Lawyers for Huawei CFO Meng Wanzhou (pictured) sought to convince a Canadian court she should not be sent to the US to face criminal charges because a key criteria for extradition had not been met, CBC reported.
The commencing of hearings in Meng’s extradition case comes more than a year after her arrest in Vancouver in December 2018 at the request of the US government, for allegedly misleading international banks about Iran-linked transactions to skirt trade sanctions levied against the country.
CBC reported Meng’s defence in court relies on a standard known as double criminality, which specifies a person may only be extradited from the country if their alleged activity also violated Canadian law.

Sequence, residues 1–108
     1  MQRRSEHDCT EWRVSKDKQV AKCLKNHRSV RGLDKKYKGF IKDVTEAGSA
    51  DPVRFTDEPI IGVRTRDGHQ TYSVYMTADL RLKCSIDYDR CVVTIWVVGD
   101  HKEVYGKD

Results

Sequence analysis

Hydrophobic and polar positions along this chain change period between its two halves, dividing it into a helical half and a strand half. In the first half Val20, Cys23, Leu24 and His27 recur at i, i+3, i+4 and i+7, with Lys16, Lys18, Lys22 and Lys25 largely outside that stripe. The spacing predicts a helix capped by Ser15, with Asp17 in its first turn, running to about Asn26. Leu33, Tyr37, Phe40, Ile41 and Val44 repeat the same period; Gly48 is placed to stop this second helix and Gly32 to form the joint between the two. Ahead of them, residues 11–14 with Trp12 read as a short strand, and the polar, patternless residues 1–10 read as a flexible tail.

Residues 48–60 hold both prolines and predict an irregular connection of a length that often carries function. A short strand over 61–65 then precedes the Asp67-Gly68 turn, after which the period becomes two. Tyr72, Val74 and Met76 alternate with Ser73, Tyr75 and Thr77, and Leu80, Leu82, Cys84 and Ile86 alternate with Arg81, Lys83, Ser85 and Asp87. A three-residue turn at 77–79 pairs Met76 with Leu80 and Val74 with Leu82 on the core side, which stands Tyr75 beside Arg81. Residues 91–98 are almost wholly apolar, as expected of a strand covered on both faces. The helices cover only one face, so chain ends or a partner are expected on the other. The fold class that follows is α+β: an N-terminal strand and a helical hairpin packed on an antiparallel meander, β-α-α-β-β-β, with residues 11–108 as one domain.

While the US implemented trade sanctions on Iran, Meng’s lawyers noted Canada had not imposed similar prohibitions.
The first of two hearings opened today (20 January) and is expected to last approximately five days. A second, set for June, will focus on whether Meng’s constitutional rights were violated when she was detained and searched under the pretence of a routine immigration check.
Huawei has strenuously denied any wrongdoing. The Chinese government repeatedly called for Meng’s release, arguing the charges against her were politically motivated.Subscribe to our daily newsletter Back